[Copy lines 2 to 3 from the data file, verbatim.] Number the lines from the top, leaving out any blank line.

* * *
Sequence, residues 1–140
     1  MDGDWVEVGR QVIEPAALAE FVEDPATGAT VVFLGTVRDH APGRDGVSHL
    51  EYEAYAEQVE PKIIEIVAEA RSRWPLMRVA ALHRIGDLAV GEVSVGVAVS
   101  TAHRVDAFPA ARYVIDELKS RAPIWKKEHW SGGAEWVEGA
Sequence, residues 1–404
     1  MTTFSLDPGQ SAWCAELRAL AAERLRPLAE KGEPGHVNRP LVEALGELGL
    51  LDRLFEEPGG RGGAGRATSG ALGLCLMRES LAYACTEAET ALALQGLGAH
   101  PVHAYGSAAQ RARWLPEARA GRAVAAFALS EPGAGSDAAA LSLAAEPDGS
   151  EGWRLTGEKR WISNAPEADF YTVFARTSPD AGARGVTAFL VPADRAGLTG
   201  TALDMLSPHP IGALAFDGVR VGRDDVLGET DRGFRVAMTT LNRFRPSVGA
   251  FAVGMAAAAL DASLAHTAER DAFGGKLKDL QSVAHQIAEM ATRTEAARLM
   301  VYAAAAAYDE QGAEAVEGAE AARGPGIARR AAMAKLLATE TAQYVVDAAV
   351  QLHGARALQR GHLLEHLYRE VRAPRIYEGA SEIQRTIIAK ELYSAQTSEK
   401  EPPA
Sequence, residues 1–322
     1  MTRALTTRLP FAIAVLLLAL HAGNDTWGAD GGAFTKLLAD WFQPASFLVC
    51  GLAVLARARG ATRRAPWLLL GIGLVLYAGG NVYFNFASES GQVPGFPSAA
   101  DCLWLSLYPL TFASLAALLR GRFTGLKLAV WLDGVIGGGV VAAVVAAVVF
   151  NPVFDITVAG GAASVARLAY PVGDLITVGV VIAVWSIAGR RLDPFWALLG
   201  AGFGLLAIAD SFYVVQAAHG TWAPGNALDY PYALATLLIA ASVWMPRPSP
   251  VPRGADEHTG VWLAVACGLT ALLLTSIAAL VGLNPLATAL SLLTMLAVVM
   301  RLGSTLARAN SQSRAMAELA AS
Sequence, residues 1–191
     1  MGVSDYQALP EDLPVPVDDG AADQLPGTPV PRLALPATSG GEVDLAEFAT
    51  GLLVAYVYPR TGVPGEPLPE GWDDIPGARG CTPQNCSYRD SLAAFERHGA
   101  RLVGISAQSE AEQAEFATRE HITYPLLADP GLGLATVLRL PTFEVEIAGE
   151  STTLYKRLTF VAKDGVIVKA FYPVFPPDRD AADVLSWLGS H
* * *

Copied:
     1  MDGDWVEVGR QVIEPAALAE FVEDPATGAT VVFLGTVRDH APGRDGVSHL
    51  EYEAYAEQVE PKIIEIVAEA RSRWPLMRVA ALHRIGDLAV GEVSVGVAVS